I've previously mentioned on this blog the comments submitted by Professor Joshua Wright and Judge Douglas Ginsburg on the Japan Fair Trade Commission's draft partial amendments to its Guidelines for the Use of Intellectual Property Under the Antimonopoly Act (see here) and on the Canadian Competition Bureau's Draft IP Enforcement Guidelines (see here). In addition, in recent months Professor Wright and Judge Ginsburg, along with Professors Bruce Kobayashi and Koren Wong-Ervin, have published comments on similar proposals floated by competition authorities in China and South Korea (see here). The quartet's most recent paper, Comment of the Global Antitrust Institute, George Mason University School of Law, on the India Department of Industrial Policy and Promotion's Discussion Paper on Standard Essential Patents (available here) makes some of the same points as in the above submissions in urging the Indian authority not to, among other things, equate an SEP holder's seeking of injunctive relief with an antitrust violation or to set royalty prices.
The submission was in response to the India Department of Industrial Policy and Promotion (DIPP) Discussion Paper on Standard Essential Patents and Their Availability on FRAND Terms, which is available here. The last date for submissions is April 22.
Update: Judge Ginsburg and Professors Kobayashi, Wong-Ervin, and Wright also have published a couple of short papers in CPI Antitrust Chronicle and available on ssrn presenting many of the arguments made in their country-specific comments. See The Troubling Use of Antitrust to Regulate FRAND Licensing and 'Excessive Royalty' Prohibitions and the Dangers of Punishing Vigorous Competition and Harming Incentives to Innovate
* * *
In other news regarding patent remedies in India, Sandeep Rathod has posted a paper on ssrn titled Injunctions in Indian Pharmaceutical Patent Infringement Actions: Some Observations. Here is a link, and here is the abstract:
India’s most recent tryst with pharmaceutical product patents is eleven years old. These years have seen a number of pharmaceutical patent infringement actions/suits brought on by patentees, though many of these litigations are pending final judgment as they have not yet completed trial due to various factors. The focus of the pharmaceutical patent owners/ holders (patentees) in the initial stage is clearly to secure an immediate, interim injunction against the defendants. The present article focuses only on this initial stage – i.e. the practice of interim injunctions within the domain of pharmaceutical patent infringement suits - and based on the author’s experience and review of the information available in public domain for these litigations, makes the following observations:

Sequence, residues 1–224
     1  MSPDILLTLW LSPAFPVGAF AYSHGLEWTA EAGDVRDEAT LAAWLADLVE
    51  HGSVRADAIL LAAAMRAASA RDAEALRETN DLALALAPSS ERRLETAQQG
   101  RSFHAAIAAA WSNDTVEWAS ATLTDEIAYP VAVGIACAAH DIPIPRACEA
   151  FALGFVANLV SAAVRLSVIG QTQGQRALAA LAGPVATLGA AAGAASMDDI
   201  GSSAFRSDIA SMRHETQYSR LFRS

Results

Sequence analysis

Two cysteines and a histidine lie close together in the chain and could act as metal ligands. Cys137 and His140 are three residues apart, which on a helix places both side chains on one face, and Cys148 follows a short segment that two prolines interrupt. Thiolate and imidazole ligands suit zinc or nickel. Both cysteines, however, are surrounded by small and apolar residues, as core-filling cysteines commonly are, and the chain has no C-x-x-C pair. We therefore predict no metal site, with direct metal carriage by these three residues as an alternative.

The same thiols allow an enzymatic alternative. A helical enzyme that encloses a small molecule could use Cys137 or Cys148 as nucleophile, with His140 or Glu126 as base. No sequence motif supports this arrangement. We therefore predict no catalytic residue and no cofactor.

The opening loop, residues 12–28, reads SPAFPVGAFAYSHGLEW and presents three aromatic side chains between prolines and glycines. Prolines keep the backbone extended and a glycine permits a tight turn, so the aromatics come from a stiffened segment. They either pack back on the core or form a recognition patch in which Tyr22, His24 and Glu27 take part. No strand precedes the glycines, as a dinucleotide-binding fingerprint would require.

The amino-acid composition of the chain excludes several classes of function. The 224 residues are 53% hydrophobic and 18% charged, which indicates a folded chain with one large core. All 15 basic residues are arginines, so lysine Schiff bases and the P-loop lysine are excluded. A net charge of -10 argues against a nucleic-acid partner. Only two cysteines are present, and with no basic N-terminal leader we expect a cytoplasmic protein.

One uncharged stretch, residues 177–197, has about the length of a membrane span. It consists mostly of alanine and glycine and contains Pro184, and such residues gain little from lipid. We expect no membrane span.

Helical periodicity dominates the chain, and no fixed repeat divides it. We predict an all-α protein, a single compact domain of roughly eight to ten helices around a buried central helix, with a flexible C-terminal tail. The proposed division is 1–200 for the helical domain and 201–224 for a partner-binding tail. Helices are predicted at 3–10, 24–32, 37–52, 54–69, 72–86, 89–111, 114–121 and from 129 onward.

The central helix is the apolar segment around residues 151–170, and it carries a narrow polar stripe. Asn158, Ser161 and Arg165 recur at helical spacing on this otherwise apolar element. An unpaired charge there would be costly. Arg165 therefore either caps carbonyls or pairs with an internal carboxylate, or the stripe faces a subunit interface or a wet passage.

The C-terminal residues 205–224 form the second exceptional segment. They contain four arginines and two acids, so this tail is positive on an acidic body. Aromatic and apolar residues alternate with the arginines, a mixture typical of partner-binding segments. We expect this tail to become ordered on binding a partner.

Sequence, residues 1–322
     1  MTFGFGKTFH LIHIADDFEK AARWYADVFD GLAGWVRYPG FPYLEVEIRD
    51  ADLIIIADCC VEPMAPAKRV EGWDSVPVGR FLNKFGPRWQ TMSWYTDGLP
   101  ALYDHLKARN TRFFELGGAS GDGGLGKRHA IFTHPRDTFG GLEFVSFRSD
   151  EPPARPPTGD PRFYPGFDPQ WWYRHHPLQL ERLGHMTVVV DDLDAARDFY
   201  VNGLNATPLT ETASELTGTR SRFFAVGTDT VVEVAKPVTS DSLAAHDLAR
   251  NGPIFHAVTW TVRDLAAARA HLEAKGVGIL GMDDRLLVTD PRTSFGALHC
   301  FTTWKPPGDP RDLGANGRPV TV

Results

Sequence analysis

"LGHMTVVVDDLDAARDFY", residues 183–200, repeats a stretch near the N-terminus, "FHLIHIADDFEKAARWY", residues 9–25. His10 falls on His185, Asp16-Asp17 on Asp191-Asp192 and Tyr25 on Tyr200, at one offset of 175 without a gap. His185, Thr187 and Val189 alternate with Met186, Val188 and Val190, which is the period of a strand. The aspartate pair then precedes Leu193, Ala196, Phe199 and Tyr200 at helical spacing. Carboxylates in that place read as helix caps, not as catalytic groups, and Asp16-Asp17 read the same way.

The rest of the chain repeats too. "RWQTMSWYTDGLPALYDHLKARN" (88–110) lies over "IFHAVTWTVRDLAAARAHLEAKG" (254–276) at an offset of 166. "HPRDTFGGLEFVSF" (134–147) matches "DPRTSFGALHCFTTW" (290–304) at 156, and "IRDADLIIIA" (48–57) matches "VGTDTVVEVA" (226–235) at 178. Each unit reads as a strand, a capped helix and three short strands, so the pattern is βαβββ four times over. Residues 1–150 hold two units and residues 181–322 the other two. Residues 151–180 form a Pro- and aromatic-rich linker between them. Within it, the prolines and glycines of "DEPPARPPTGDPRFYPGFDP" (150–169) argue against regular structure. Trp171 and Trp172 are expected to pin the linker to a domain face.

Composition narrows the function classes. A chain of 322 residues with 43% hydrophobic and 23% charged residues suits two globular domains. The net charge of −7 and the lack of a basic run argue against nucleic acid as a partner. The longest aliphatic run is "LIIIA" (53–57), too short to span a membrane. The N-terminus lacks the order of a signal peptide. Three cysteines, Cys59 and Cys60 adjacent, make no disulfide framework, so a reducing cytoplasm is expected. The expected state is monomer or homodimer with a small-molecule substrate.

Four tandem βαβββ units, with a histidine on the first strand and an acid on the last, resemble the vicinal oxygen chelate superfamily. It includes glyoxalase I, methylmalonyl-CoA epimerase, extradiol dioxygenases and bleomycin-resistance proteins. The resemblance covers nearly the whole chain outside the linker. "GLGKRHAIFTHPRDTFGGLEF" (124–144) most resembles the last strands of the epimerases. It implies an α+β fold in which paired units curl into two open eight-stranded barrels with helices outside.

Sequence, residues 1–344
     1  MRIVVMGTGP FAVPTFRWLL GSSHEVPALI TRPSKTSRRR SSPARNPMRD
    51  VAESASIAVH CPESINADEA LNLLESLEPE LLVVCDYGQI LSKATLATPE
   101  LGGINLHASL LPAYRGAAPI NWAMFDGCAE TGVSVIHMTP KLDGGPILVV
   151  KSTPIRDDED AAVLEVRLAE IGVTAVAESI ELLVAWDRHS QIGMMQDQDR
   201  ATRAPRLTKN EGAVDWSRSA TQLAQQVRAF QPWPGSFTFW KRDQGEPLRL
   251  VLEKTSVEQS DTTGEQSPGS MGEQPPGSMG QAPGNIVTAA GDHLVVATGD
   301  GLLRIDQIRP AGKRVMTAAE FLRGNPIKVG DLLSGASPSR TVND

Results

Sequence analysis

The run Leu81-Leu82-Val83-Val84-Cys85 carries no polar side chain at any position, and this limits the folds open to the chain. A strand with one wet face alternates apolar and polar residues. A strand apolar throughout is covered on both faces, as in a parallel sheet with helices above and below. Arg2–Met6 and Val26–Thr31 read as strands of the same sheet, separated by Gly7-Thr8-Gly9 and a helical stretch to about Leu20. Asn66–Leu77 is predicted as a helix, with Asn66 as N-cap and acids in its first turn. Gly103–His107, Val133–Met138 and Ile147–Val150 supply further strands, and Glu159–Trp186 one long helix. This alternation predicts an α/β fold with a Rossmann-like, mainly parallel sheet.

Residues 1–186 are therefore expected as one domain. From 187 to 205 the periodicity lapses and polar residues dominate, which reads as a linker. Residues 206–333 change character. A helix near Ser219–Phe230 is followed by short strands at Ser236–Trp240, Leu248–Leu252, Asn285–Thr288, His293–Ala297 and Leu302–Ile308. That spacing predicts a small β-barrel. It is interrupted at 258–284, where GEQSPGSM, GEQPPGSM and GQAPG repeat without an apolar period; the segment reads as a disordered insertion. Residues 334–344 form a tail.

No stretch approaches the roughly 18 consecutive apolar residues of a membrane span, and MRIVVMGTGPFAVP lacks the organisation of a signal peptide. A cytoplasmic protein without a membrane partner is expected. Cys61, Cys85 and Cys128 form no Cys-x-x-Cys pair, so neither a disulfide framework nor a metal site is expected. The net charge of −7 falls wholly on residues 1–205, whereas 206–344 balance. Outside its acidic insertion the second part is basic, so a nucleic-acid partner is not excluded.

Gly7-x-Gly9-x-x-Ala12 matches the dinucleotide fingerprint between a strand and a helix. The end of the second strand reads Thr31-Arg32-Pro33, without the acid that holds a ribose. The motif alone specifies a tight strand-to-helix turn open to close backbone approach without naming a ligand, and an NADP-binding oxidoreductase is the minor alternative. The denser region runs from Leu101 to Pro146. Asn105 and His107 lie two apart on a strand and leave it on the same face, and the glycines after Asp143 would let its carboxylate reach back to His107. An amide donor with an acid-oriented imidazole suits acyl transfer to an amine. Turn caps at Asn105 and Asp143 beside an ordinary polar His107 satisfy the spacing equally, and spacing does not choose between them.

a) Obtaining an order of interim injunction in a pharmaceutical patent suit is not difficult for the patent owner. Indian Courts have in fact, granted interim injunctions in a majority of pharmaceutical patent infringement suits;
b) A large majority of injunction requests are filed by the patentees as ex-parte and are quia-timet in nature. The defendant may not get an adequate opportunity to present its defense before the grant of such injunctions;
c) While arguably, patent infringement suits can be filed in a host of District and High Courts, it would appear that patent owners prefer to initiate their suits and corresponding injunction requests only before the High Court of Delhi;
d) Undertakings for non-commercialisation given by generic companies also act/stand on same footing as injunctions; and
e) India will see more pharmaceutical patent infringement suits- including cases where IP owning generic companies file suits against other generic companies.